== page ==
No cooling yet
Throughout the whole of 2014, commentators have been in competition to call the "slowdown" in the Sydney market, and they have continued to miss the mark.
It just hasn't really happened. Prices moved about 4 percent higher over the past quarter and, moreover, today's mortgage data released by AFG suggests something entirely different - that is, a market which is continuing to build momentum.
The manic phase of buying we saw in Q4 2013 certainly subsided over the last Christmas period, but rather than a cooling market, the number and value of mortgages has continued to build steadily through the year as the lure of capital gains continues to draw in investors.
This has culminated in a record month of mortgage sales at Australian Finance Group in September in terms of mortgages processed. Let's take a look in a little more detail.
With the obvious disclaimer that the AFG figures are only an indicator and as such are only an early warning marker for what we might expect to see from the Australian Bureau of Statistics (ABS), the largest mortgage aggregator in Australia recorded its strongest ever month in terms of loans written in September.
On a 3 month moving average basis to smooth the figures, the value of loans written has broken new heights. AFG's data is not seasonally adjusted, which accounts for much of the mid-year dip, but looks set for a strong spring and summer of unprecedented mortgage activity (while acknowledging as always that AFG may also be gaining market share).
Ultimately, there is no getting away from the fact that low interest rates are generating new interest in the housing market (click charts to expand):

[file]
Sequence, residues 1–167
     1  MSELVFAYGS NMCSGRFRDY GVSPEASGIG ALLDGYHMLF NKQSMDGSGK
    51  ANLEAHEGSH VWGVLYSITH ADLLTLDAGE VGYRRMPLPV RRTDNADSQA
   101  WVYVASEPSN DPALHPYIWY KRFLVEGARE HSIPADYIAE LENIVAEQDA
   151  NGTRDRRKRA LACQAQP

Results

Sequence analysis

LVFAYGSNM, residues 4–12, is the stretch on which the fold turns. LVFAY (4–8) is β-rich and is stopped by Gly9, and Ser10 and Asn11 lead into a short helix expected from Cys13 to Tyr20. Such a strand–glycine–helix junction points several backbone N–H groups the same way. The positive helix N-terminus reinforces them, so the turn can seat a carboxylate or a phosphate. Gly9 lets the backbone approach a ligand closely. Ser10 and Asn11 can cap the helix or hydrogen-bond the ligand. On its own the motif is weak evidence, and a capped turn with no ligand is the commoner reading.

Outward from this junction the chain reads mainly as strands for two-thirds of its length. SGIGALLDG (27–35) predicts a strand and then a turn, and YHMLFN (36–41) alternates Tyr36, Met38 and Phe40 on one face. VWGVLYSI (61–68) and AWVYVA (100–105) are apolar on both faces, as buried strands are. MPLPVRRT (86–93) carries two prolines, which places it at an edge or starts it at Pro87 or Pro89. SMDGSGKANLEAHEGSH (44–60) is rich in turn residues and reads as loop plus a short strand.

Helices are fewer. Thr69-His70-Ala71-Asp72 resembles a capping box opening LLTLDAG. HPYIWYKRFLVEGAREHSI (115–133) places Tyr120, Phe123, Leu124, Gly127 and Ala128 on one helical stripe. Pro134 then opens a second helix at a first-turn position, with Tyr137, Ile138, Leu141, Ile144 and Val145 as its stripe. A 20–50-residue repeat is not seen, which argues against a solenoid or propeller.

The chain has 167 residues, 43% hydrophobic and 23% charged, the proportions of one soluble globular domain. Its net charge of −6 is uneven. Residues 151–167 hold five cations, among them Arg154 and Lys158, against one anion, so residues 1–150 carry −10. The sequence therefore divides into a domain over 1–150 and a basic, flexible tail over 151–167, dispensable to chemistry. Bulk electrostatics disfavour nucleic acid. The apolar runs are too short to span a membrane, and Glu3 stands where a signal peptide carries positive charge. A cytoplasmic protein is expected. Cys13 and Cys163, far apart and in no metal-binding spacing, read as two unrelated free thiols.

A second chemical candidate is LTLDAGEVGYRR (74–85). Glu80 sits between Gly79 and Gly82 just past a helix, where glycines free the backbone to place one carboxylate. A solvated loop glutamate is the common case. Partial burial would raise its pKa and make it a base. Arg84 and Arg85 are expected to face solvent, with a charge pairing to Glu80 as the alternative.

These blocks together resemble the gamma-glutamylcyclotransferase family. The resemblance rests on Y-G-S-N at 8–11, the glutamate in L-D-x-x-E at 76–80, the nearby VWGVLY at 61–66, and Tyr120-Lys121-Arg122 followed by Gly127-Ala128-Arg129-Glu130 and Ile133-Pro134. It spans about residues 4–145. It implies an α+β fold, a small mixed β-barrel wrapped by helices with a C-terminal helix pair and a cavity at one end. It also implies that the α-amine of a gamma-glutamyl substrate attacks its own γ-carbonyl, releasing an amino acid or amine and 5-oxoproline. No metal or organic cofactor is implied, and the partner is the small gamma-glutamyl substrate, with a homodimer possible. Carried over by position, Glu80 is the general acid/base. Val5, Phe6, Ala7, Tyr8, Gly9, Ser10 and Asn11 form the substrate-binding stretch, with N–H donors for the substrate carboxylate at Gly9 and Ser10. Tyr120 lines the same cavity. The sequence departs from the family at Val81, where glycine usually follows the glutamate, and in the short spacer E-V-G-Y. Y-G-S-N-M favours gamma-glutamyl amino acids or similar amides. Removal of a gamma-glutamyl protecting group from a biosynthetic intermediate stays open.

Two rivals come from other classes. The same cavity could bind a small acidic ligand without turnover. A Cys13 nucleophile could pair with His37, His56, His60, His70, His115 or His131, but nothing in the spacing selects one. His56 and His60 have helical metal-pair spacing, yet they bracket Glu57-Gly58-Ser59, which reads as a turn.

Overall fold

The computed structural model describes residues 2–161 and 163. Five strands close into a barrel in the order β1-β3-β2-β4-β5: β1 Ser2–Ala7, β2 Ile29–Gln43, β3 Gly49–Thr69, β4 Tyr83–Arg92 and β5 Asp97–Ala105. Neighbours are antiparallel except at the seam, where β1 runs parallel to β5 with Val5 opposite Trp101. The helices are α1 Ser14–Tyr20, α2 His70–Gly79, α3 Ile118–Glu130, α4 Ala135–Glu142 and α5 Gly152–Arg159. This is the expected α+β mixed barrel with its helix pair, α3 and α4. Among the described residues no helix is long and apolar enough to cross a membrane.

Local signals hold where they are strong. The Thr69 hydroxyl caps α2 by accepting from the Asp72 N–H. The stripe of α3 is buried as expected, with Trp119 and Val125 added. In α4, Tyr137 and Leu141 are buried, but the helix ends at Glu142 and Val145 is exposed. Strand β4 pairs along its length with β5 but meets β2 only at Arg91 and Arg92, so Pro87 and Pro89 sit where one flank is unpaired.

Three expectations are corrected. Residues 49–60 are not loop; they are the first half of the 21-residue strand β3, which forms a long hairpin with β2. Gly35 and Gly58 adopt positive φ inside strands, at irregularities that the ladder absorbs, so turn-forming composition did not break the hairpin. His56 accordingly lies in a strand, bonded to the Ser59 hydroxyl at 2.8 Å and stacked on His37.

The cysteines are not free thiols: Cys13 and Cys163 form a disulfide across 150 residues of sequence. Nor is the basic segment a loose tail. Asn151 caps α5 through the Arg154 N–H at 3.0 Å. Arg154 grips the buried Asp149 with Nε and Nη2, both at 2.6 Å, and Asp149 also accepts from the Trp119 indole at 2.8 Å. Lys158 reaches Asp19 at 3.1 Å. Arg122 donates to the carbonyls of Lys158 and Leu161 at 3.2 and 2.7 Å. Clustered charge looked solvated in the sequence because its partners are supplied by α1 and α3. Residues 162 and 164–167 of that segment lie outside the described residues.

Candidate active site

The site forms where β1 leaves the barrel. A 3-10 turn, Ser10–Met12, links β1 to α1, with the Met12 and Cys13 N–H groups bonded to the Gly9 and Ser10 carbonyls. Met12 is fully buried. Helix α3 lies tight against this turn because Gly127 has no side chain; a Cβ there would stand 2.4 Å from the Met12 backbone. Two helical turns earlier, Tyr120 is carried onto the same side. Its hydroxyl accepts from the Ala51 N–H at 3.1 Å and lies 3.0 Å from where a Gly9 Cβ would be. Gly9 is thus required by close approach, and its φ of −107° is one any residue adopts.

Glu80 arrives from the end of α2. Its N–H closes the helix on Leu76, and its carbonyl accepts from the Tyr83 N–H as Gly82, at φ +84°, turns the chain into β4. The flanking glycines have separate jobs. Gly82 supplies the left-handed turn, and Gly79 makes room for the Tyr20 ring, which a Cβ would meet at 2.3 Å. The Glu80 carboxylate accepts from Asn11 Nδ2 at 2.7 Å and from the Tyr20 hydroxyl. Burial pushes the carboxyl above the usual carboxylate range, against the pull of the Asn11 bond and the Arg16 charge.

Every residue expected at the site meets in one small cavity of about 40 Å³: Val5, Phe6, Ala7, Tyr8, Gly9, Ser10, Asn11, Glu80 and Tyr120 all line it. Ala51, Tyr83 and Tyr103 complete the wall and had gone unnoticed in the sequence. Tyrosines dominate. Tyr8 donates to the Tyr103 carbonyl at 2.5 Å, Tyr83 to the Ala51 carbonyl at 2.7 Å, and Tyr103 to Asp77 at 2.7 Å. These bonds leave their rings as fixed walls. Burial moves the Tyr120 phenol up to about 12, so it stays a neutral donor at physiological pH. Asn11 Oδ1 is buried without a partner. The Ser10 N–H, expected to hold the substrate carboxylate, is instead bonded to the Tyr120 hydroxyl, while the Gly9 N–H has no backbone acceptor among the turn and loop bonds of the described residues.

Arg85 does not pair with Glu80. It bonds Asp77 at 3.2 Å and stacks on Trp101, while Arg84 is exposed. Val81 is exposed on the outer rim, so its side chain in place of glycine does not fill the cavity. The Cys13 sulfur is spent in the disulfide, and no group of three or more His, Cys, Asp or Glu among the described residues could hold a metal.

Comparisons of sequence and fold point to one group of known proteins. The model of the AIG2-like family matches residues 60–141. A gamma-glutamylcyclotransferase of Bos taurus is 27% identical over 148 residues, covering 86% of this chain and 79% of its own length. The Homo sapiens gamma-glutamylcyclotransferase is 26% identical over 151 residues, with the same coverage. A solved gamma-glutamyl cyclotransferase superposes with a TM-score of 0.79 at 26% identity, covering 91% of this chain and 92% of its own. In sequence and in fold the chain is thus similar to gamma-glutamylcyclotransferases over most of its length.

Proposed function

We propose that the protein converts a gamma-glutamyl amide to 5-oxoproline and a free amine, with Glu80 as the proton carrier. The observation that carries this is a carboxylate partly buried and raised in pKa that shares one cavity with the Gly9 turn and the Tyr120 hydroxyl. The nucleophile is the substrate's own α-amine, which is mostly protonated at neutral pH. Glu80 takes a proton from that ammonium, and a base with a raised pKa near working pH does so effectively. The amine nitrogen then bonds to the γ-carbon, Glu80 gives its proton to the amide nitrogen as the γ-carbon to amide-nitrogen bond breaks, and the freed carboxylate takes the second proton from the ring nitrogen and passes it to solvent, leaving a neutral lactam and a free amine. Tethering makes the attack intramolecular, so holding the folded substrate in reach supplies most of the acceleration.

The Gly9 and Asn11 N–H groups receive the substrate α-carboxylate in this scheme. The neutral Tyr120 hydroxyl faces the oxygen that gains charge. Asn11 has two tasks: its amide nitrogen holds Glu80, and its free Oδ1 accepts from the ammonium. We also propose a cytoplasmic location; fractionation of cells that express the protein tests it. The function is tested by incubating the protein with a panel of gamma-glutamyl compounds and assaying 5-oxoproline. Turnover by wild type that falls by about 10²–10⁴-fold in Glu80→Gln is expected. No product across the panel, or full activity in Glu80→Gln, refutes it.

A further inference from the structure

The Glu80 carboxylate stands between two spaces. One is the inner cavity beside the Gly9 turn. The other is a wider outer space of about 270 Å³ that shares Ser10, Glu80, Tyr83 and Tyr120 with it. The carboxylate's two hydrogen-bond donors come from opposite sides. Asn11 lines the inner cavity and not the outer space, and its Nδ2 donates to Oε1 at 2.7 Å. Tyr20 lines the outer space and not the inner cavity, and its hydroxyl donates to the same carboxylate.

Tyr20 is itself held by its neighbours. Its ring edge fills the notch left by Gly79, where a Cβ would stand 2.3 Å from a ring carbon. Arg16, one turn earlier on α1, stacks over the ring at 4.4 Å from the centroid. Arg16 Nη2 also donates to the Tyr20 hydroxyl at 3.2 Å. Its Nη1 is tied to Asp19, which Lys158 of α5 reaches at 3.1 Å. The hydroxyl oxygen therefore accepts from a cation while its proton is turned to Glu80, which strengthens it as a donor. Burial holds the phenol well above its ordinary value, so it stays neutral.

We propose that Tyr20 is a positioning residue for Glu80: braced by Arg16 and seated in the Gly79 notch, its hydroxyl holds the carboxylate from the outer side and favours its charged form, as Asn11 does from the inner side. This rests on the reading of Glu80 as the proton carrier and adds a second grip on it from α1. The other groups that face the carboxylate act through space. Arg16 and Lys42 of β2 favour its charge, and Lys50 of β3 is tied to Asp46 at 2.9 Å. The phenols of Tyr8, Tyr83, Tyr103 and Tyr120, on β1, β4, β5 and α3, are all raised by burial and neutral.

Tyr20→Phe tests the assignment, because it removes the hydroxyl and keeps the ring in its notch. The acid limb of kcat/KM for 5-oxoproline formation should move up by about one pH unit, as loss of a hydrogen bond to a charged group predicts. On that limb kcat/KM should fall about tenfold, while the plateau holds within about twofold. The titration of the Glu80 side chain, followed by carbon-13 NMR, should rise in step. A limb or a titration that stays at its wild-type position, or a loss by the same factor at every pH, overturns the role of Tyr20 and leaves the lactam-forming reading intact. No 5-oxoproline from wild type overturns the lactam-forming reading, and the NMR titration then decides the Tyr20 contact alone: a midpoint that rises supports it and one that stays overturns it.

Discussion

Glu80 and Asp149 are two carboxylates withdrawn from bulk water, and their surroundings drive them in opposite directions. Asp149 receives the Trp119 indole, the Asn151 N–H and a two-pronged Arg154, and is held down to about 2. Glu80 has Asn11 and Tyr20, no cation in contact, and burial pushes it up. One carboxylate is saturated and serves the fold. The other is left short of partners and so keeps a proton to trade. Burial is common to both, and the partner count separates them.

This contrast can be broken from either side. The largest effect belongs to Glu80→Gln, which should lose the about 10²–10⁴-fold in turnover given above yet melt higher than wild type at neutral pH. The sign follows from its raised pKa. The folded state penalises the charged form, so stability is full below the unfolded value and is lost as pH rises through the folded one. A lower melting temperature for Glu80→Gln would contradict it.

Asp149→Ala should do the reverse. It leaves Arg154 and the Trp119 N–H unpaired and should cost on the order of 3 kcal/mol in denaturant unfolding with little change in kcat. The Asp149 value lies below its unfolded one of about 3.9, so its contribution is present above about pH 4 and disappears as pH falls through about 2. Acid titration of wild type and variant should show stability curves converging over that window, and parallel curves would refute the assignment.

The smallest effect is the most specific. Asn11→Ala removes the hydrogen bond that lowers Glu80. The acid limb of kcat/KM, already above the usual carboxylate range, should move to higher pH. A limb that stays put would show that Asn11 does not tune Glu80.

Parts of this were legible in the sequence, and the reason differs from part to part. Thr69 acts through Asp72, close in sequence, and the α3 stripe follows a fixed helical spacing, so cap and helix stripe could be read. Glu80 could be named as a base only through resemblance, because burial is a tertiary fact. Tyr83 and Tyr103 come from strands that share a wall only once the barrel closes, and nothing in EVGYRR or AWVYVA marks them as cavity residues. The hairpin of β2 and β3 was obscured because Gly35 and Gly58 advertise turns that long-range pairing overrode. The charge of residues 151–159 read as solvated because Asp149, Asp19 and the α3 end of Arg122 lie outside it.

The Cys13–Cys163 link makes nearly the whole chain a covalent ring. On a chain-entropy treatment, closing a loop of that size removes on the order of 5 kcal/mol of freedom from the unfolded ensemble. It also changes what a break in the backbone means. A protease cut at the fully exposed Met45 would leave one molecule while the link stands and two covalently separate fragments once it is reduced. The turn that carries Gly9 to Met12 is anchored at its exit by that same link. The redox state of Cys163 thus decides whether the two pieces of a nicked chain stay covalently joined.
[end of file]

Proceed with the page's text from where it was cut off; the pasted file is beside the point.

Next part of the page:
In terms of the number of loans written, New South Wales is seeing record levels of activity with a 21 percent increase in the number of loans written over the past year. September was a very strong month of activity in Victoria and Queensland too.
Activity for AFG has noticeably tempered in Western Australia, while the data for South Australia is flatter than the Stuart Highway (or flatter than the Sydney Swans locker room depending on your preference for metaphors).
It's the value of mortgages written by state which is the most telling chart. Over the past year New South Wales (+21 percent), Victoria (+30 percent) and Queensland (+23 percent) all look very strong. Western Australia (+8 percent) and South Australia (+3 percent), not so much.
Average mortgage size by state shows that mortgage sizes have increased in most states, but the gradient is relatively shallow in South Australia and negative in the (highly seasonal) Northern Territory.
Finally, the percentage of investor loans remains very high in New South Wales at 49.7 percent, and in aggregate this was an all-time record month for investor activity at AFG, which will do little to quell interest from the regulators - although the percentage share of loans written to investors fell a little in Queensland and Victoria suggesting that homebuyers are also coming to the party.
In short, it looks to be a huge spring/summer selling season for Australia's property markets if AFG's data proves to be reflective of later releases by the Australian Bureau of Statistics (ABS). In particular there is little sign of the Sydney market slowing judging from this data.
Finally, the Housing Industry Association (HIA) released its new dwelling sales data for August, which recorded a bounce thanks to strong apartment sales, but volumes do look to have peaked back in April.
Mused the HIA:
"In the month of August 2014 detached house sales increased by 11.1 per cent in New South Wales and by 2.0 per cent in Western Australia. Detached house sales fell by 6.8 per cent in South Australia, 6.0 per cent in Victoria and 0.7 per cent in Queensland.
Over the three months to August 2014 detached house sales decreased in each of the surveyed states, albeit to varying degrees, with the exception of NSW where sales increased by 0.4 per cent. Sales fell by 9.8 per cent in Victoria, 4.6 per cent in Western Australia, 4.4 per cent in South Australia, and by 3.2 per cent in Queensland.